Dental care for pets
Dental care is not only important for humans, but for pets too. Aside from trauma (breaking), dental plaque and tartar can cause dental problems in dogs, cats and horses. Good dental care can prevent serious problems and pain for your pet. Read all about good dental care for your dog, cat, horse or rodent here.
Dental problems in cats and dogs, aside from trauma (breaking), are often caused by plaque and tartar. Plaque is a barely visible layer that is constantly formed on the teeth. It consists of food residue, mucous and bacteria. If plaque is not removed, it turns into tartar. You can help to remove your pet's plaque, but tartar can only be removed by your veterinarian.
As your pet gets older, the risk of dental problems increases. Neglected dental problems can have serious consequences for your pet's health. Symptoms may vary from bad breath to severe gum infections or even infections in major organs. It is therefore important to care for your pet's teeth daily and to have them checked on a regular basis.
You can look after your pet's teeth in various ways, depending on what your pet will tolerate of course. You can choose to brush your pet's teeth daily, using the C.E.T Dental Care Kit, which contains everything you need. If this is too dangerous for your fingers, you can use an anti-plaque powder such as (Orozyme Bucco-Fresh or ProDen PlaqueOff) or a liquid. These powders and liquids, such as Orozyme RF2 Aquadyl or Vet Aquadent, are mixed with your pet's food or water. Of course there are also the special dental diet foods, waxes, powders and chew strips that all help to keep the teeth as healthy as possible.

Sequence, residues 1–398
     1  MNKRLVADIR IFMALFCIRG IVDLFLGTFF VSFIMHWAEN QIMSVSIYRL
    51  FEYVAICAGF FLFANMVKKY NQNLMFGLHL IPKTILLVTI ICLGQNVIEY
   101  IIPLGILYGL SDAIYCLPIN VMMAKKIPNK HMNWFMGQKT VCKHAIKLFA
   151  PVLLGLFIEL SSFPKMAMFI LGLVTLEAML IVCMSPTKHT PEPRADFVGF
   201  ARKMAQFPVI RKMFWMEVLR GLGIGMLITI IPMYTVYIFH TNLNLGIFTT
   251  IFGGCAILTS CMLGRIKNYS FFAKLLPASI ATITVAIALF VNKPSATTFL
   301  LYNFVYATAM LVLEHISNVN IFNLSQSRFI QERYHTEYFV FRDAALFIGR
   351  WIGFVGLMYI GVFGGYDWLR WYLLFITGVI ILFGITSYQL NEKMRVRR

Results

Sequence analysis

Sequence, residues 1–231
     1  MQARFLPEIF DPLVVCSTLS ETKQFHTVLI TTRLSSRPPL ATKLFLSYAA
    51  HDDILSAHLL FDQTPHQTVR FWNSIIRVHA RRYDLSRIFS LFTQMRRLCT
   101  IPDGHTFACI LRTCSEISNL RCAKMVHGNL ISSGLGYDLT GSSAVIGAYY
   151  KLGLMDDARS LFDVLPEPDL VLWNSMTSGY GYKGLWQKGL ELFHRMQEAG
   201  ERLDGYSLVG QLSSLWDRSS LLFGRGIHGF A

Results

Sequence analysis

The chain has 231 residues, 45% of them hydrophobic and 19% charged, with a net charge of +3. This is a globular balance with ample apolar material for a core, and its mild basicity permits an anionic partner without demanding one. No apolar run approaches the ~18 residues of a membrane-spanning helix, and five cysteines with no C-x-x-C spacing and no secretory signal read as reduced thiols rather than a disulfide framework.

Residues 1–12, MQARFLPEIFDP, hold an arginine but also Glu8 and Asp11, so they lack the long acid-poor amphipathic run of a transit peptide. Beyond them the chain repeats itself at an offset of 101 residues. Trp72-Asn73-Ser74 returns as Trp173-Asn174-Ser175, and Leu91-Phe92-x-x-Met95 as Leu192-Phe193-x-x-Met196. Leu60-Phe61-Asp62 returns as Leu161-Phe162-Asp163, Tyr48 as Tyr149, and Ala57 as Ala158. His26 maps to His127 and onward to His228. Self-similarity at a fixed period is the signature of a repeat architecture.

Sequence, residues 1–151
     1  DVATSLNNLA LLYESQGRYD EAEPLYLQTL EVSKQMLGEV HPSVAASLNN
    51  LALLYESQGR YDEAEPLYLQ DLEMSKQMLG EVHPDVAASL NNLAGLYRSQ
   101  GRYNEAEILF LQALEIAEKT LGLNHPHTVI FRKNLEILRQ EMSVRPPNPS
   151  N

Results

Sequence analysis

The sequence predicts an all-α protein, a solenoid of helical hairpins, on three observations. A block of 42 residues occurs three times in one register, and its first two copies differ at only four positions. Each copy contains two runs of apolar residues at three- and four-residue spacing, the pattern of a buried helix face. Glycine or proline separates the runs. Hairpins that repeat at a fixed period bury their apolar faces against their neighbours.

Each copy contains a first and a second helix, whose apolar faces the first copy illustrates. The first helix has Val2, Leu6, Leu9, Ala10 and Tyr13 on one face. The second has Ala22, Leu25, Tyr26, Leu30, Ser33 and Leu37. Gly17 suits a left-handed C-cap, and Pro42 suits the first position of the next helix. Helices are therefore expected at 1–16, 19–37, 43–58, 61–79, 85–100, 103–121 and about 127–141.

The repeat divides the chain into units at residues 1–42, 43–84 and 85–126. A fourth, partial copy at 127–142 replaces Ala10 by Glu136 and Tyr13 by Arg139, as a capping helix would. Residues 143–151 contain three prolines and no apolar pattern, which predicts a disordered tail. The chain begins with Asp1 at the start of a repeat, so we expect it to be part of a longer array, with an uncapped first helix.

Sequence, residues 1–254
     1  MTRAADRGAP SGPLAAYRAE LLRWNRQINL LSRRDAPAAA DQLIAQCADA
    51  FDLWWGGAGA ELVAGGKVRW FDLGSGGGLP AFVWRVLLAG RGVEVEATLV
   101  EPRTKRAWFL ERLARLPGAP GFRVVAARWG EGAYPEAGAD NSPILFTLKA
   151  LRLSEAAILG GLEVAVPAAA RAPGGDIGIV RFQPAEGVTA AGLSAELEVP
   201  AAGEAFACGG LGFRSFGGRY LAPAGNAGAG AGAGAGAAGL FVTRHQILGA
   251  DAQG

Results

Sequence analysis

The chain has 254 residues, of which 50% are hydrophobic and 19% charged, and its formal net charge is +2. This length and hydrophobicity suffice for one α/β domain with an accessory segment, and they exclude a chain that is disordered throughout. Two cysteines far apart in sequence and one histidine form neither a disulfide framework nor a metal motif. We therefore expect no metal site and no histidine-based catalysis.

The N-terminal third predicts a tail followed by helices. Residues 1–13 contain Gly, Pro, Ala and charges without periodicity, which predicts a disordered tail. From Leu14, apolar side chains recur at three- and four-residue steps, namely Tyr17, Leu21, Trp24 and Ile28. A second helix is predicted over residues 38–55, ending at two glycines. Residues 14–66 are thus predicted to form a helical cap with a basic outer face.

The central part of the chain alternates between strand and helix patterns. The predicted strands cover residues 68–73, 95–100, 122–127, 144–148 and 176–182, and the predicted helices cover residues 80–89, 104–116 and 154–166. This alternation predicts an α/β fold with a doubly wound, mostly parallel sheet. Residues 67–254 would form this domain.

Rodents and rabbits
In rodents and rabbits, we often see the occurrence of spikes due to wear or excessive growth of the molars. In addition, a common problem is the incisors becoming too long or taking the wrong shape. These can and must be filed down by your veterinarian. A cause of excessive growth in your pet's teeth can be an excess in calcium in their diet. Aside from hay, Supreme Science Selective is a good supplement. This contains the right amount of calcium.
Horses also suffer from "spikes" in their molars. These must be removed by your veterinarian or dentist. Sometimes we see that young horses' early molars remain in the mouth and form "caps" on their adult teeth. These also need to be removed in order to eat normally again. Tartar formation can also be a problem in horses. Altogether, plenty of reasons to have your horse's mouth checked on a regular basis.